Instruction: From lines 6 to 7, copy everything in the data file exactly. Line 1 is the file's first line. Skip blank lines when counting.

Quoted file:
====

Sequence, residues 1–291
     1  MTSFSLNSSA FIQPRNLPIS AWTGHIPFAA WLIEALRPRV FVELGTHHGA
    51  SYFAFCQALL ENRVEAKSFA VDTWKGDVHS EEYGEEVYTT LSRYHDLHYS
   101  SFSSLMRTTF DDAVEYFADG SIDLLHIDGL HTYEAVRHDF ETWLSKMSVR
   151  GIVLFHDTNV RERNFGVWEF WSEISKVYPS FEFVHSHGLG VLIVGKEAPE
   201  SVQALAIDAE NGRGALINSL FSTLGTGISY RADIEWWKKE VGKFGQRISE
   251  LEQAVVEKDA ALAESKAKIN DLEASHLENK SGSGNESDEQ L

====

   201  SVQALAIDAE NGRGALINSL FSTLGTGISY RADIEWWKKE VGKFGQRISE
   251  LEQAVVEKDA ALAESKAKIN DLEASHLENK SGSGNESDEQ L